NSS Labs Research Director Stefan Frei said, “While vulnerabilities in 2012 haven’t returned to the all-time high levels we saw in 2006, it’s significant that after 5 years of decline, the number of disclosed vulnerabilities rebounded sharply and jumped 26% in one year,” said Stefan Frei, Research Director at NSS Labs. “It is not just the number of vulnerabilities that matters, however. The level of criticality, how easily a vulnerability can be exploited, and the types of software they affect are all part of determining how serious a threat any single vulnerability might pose and these are trends we continue to watch.
Read the Report - NSS Labs Vulnerability Threat Trends Report
Wednesday, January 23rd, 2013
Just what do IT specialists do? Well, it depends. Some are programmers, some are network jockeys, some keep company equipment running.
But for those of you who want a clearer picture of just what the IT department may be up to, here’s an infographic showing eight types of IT specialists:
Monday, July 2nd, 2012
A five-week initial public offering (IPO) drought broke late last week as the second quarter ended with 11 IPOs of U.S. venture-backed companies, nine fewer than the first quarter.
Mergers and acquisitions (M&As) of venture-backed companies fared better in the second quarter as deal activity picked up slightly over the first quarter reversing a downward trend in deals that had been seen over the previous six months, according to Dow Jones VentureSource.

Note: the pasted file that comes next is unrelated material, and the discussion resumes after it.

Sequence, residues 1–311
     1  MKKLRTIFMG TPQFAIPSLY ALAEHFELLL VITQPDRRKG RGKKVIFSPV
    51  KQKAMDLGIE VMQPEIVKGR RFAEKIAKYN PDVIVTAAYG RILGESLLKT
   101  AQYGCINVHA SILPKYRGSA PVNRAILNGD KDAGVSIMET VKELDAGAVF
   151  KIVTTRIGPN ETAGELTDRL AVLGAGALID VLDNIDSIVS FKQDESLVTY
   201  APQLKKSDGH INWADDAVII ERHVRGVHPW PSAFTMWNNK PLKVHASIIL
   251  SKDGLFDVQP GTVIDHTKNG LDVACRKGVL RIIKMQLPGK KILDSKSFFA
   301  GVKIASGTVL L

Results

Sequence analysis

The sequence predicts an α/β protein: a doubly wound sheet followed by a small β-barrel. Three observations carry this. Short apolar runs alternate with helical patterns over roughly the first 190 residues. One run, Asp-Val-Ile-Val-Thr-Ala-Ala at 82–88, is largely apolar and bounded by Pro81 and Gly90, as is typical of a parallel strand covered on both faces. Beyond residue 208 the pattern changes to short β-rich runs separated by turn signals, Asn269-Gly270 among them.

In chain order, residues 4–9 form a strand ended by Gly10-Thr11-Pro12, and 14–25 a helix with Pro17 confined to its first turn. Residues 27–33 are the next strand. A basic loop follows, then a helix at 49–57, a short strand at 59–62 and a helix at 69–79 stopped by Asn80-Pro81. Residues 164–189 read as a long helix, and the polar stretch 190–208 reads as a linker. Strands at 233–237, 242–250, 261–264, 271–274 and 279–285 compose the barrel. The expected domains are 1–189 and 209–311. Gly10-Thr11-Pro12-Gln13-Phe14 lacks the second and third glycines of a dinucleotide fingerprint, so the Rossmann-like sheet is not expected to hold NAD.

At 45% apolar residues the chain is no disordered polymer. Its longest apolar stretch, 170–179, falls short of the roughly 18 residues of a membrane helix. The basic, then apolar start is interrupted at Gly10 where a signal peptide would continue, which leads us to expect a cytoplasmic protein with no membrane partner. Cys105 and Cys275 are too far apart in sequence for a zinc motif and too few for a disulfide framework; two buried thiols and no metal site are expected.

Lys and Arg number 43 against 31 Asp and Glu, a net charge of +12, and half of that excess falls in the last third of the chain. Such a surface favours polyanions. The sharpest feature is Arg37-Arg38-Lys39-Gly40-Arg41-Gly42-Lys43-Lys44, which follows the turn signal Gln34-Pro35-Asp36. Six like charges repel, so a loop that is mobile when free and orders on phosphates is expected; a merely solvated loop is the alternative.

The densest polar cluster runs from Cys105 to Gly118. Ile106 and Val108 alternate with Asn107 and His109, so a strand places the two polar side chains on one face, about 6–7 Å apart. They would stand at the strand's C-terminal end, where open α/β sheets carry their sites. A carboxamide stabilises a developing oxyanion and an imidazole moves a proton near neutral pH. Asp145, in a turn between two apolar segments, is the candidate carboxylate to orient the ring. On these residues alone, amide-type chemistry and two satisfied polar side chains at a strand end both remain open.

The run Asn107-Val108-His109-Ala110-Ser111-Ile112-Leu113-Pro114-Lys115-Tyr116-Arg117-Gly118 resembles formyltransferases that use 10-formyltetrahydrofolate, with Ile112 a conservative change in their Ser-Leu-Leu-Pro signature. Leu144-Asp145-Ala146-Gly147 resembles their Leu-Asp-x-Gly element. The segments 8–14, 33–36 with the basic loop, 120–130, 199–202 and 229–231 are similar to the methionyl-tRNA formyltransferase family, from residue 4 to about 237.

Eleven U.S. venture-backed companies raised $7.7 billion through IPOs in the second quarter, a drop in offerings from the same period last year when 14 IPOs raised $1.7 billion.
During the same time, 110 U.S. venture-backed companies were acquired, a slight uptick from the 98 M&As in the first quarter of 2012 but a 6% decline in deal activity compared to the second quarter of 2011.
“Dreams of a stable public market that appeared to be becoming reality in the first quarter were dashed by the worsening economic situation in Europe and Facebook’s underwhelming and problematic public debut,” said Jessica Canning, global research director for Dow Jones VentureSource.
“The silver lining this quarter may be M&A as deals are up slightly over the first quarter and have a solid start for the third quarter when Microsoft’s acquisition of Yammer is expected to close.”
Silicon Valley Companies Dominate IPOs
Start-ups based in Silicon Valley accounted for 72% of venture IPOs in the second quarter, a much larger proportion than the first quarter when they accounted for 35% of IPOs.
Venture companies took a median of $89 million and 8.5 years to reach an IPO, which represents a 14% drop in capital raised and a decrease in time from 8.7 years during the same period a year ago.
Currently, 44 U.S. venture-backed companies are in IPO registration. Eleven of those companies registered in the second quarter.
Software M&A Picks Up, Pharma Falls
Information technology (IT) was the most active industry for M&A as 47 deals raised $5.3 billion, a 9% increase in deals and 40% increase in capital raised. Within IT, software companies were the primary target for corporate buyers who acquired 36 software start-ups, an uptick from the 28 deals completed during the same period a year ago.
With 21 deals, consumer services was the second most active industry for acquisitions. It edged out healthcare and business and financial services by three and two deals respectively. All three of these industries, however, saw a decline in M&A deals from the second quarter of last year.
Dramatic drop in healthcare deal activity
The healthcare industry saw the most dramatic drop in deal activity as the number of acquisitions fell from 25 in the second quarter of 2011 to 18 in the most recent quarter. The drop was largely driven by the biopharmaceuticals segment which saw deals fall from 16 to 5.